Serving documents (recast)


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Serving documents

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Article 3(1) – Transmitting agencies

The transmitting agency for judicial documents is the court serving the document (Section 1069(1)(1) of the Code of Civil Procedure (ZPO)).

The transmitting agency for extrajudicial documents is the local court (Amtsgericht) of the district in which the person serving the document is domiciled or habitually resident; for notarised deeds, it is also the local court of the district in which the office of the notarising notary is located; for legal persons, the registered office takes the place of the domicile or habitual residence; Land governments may issue an executive order instructing one local court to perform the tasks of the transmitting agency on behalf of several local court districts (Section 1069(1)(2) ZPO).

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Article 3(2) – Receiving agencies

The competent receiving agency under Article 3(2) of Regulation (EU) 2020/1784 is the local court in whose district the document is to be served. Land governments may issue an executive order instructing one local court to perform the tasks of the receiving agency on behalf of several local court districts.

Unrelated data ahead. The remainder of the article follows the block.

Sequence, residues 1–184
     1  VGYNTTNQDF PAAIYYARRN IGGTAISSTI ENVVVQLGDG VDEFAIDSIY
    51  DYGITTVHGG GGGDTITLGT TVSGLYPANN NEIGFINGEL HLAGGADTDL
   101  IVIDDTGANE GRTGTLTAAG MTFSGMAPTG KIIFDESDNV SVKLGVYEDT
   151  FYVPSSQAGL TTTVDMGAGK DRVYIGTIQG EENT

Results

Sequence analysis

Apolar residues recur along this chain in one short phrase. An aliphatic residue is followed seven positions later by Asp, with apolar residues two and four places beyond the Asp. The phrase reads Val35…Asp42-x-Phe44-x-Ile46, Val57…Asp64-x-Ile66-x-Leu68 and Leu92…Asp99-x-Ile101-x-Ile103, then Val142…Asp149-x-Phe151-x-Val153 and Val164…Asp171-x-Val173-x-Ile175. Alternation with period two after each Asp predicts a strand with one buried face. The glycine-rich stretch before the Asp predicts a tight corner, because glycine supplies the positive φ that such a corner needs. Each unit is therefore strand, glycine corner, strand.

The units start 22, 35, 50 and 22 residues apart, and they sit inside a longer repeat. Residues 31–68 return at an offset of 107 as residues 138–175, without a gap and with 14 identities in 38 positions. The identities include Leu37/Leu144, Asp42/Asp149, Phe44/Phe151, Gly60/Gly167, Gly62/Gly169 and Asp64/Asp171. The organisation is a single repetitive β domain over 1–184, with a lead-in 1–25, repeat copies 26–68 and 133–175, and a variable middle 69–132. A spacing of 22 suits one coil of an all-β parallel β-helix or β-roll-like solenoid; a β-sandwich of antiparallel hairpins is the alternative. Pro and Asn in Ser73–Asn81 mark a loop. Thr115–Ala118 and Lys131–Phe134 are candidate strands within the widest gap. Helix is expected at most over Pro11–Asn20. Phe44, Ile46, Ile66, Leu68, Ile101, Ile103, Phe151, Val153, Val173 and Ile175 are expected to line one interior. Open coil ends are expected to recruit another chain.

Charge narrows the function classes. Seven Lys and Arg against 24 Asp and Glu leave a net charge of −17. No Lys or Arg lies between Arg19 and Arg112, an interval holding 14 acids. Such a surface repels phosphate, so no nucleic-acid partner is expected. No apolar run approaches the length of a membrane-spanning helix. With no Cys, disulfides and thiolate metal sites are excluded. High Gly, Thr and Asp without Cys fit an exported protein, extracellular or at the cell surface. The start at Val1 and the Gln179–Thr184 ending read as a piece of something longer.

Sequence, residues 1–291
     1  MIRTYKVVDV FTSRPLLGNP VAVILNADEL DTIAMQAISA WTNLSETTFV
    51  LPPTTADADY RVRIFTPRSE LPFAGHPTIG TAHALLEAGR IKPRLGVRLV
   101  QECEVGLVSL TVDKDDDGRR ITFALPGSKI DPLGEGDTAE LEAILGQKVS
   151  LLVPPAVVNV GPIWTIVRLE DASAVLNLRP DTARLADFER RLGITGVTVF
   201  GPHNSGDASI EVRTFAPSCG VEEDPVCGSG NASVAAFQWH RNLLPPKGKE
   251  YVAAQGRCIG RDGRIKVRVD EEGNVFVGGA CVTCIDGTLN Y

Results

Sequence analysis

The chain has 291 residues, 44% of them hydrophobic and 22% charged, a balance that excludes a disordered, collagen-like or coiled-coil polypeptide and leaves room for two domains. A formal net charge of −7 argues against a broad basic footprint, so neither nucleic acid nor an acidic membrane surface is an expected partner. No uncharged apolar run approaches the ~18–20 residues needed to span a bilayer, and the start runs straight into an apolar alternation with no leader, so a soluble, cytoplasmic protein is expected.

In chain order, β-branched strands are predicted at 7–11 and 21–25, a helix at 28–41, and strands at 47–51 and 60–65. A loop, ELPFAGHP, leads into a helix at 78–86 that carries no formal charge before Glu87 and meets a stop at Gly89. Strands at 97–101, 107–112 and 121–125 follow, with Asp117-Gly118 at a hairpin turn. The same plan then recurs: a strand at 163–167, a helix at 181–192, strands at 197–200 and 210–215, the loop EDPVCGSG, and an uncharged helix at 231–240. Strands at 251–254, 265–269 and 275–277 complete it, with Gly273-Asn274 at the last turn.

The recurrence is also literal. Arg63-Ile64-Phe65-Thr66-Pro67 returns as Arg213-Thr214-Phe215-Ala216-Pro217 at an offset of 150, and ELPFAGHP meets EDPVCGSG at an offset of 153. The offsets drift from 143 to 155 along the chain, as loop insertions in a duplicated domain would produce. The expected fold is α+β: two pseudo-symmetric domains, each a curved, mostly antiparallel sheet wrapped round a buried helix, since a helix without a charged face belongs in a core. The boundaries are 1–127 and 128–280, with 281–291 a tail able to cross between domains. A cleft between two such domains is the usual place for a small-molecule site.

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Article 3(4)(c) – Means of receipt of documents

In accordance with Article 5(4) of Regulation (EU) 2020/1784, the following means of receiving documents are available: reception by post, private courier service or fax.

Other communications can also be received by phone or by e-mail.

Article 3(4)(d) – Languages that may be used for the completion of the standard form set out in Annex I

The forms in Annex I to Regulation (EU) 2020/1784 may be completed in German or English (Section 1070 ZPO).

Article 4 – Central body

The functions of the central body are performed primarily at Land level.

Each Land has its own central body and the government of the Land determines which body will perform this function on its territory (Section 1069(3) ZPO). In most cases, the Land central body is the Land judicial authority, a higher regional court or a local court.

In addition to the 16 central bodies at Land level, there is one central body at federal level – the Federal Office of Justice (Bundesamt für Justiz). The federal central body provides support to the competent bodies in the Länder (Section 1069(4) ZPO) and receives requests for service in connection with actions brought against the Federal Republic of Germany.

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Article 7 – Assistance in address enquiries

In accordance with Article 7(1)(c), Germany makes the relevant information on finding addresses available on the e-Justice Portal. Thus in accordance with Section 44 of the German Federal Population Registration Act (Bundesmeldegesetz – BMG), foreign public authorities and foreign private individuals are entitled to obtain a simple register excerpt (einfache Melderegisterauskunft) for a particular person from the German registration authorities without stating their reasons for requesting it..